I was happy to see some of my favorite trees blooming in the spring, even though there are still many bare and broken trees on St. John’s hillsides.       


In front of our house most of the large black mangrove trees were knocked over and show no signs of life. But along the edges of the shallow pond smaller ones have grown up – and flowered. New flowers and sprouts are critical for the recovery of this wetland area habitat, which mixes salt water from Fish Bay with freshwater rain running down from the hills. Black mangrove leaves falling into the water provide nourishment for bacteria and microscopic marine life forms, which feed juvenile fish and crabs. They in turn attract the herons and egrets I love to watch from the deck. 

There are five types of trees in the caper family around our house. These local trees are similar to the Mediterranean ones that are used in French and Italian cooking, but their buds are not so tasty.  Some of the trees are missing now, while others have expanded into new spaces created by the storms.  
Bees and butterflies enjoy their showy white  flowers.                                                                                    

 

  
      Leather Leaf Caper  (Cynophalla hastata)                          

Limber Caper (Cynophalla flexuosa)
 
 
   White Caper (Quadrella indica)
 
There is also one white cedar tree that is thriving. The white cedar trees are Caribbean natives, named for the color of their wood, which was used for building boats in earlier times. Their flowers are pinkish.  

White Cedar (Tabebuia heterophylla)
 
 
The wild frangipani tree behind the house has grown tall in a now unshaded spot, with its bouquet of fragrant white flowers waving high above the road. So far it has not been attacked by the voracious caterpillars that regularly strip these trees of their leaves. Maybe some of the large Pseudosphinx tetrio moths that produce those caterpillars were dispersed by the storms.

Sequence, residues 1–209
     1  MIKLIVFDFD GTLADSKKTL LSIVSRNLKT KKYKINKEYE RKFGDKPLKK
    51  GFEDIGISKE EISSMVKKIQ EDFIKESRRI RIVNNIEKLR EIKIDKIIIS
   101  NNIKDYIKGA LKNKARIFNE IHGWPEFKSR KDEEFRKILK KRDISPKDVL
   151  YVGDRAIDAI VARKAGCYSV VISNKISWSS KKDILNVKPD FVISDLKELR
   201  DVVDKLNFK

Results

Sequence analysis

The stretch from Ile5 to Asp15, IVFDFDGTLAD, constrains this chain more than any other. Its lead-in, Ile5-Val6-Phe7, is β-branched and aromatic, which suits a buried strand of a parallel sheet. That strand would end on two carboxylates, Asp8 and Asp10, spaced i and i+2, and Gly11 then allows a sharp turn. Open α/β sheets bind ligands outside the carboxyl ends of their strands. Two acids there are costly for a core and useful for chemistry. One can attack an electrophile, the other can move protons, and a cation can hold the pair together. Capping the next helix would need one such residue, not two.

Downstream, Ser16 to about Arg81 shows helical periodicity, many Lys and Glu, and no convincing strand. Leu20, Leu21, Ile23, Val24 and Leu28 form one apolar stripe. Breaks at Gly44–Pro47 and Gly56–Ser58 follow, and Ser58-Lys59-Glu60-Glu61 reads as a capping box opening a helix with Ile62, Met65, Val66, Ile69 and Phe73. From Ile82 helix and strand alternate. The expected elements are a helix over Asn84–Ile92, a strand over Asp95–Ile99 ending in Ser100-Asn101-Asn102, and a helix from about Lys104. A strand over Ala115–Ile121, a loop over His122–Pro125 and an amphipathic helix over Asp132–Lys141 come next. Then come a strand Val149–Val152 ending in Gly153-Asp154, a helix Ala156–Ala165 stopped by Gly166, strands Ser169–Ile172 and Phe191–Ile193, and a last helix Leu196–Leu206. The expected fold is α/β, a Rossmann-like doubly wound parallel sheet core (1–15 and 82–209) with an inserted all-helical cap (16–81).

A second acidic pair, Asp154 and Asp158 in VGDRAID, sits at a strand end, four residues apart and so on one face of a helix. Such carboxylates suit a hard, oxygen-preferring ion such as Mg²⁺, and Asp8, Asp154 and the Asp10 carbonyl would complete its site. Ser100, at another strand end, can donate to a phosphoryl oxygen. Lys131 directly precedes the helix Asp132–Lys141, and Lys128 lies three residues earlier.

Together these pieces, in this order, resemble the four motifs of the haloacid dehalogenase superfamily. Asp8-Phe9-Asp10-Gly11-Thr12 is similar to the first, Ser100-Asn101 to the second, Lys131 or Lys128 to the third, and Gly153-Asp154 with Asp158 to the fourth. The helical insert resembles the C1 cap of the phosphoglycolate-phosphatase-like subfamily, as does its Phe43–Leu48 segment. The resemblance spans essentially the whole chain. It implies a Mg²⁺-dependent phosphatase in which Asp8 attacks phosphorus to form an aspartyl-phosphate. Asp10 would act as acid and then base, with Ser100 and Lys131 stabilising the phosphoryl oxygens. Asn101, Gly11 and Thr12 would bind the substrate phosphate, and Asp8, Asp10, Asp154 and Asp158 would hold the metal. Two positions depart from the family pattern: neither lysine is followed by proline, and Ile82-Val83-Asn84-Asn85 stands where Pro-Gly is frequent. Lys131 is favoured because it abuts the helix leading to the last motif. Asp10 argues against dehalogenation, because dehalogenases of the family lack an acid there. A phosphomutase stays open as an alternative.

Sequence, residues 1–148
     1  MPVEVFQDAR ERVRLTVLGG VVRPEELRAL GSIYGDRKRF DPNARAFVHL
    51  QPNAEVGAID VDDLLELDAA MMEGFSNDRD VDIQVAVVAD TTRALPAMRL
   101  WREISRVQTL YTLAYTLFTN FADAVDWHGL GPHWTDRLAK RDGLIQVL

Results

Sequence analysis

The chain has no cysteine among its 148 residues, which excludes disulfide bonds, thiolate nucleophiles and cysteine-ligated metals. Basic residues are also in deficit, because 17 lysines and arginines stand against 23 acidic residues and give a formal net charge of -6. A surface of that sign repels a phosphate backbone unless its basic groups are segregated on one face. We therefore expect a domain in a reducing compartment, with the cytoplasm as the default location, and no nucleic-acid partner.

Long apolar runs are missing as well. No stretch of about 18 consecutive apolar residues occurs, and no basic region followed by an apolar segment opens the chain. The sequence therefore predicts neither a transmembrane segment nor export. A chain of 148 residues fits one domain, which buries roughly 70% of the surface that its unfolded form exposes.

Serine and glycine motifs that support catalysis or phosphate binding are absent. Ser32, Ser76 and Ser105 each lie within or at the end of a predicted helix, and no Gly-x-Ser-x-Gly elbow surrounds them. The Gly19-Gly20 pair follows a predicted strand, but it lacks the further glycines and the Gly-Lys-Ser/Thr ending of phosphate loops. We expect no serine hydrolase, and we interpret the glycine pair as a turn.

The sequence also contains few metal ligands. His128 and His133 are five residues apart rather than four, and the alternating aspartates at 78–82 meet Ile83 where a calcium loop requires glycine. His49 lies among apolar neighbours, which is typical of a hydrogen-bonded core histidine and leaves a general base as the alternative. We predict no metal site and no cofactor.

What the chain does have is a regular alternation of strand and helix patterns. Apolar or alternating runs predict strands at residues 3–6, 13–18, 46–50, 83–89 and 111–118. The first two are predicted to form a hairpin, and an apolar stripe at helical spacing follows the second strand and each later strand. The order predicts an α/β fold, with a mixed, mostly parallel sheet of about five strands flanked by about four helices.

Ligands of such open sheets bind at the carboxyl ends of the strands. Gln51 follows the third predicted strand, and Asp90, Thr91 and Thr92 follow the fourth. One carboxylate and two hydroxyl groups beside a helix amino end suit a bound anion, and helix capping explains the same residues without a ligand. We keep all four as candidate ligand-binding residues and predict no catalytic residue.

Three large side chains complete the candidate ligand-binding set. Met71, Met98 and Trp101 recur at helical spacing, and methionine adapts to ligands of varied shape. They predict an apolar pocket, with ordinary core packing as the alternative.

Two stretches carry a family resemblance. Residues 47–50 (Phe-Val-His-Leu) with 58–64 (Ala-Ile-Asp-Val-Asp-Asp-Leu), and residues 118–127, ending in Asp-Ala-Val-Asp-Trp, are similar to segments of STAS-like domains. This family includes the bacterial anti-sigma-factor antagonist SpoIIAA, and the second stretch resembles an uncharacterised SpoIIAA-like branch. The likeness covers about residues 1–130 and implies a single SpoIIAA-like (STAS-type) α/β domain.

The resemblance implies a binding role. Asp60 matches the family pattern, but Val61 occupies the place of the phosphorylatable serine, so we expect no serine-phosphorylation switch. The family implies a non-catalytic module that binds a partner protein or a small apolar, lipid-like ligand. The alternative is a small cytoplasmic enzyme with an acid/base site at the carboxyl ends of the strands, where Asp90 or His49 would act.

A couple of small wattapama trees on Marina Drive delighted the neighborhood with their pale lavender flowers. Unfortunately, the blooms only lasted a few days, and the thin-branched trees again became invisible. They are special because they only grow on the north coast of Puerto Rico and the northern Virgin Islands.  
 
 
Along the upper Fish Bay road I spotted bunches of Caribbean dogwood flowers on a leafless tree, along with some of this tree’s distinctive boxy seed pods. It is also known as ‘fish poison’ because the bark and roots were used by Amerindians to stupefy fish to make them easier to catch.   


 
 
Then on the way to Coral Bay I saw a spindly, almost leafless orange manjack tree hanging off the side of Centerline Road, with its distinctive bright flowers and fruit. These trees only grow in the Virgin Islands and Puerto Rico, so it was good that some of them have survived.


Meanwhile, on the beaches the sea grape trees have blossomed and fruited, playing their part in the long-term process of restoring shade and protecting the shorelines from erosion. A welcome sight.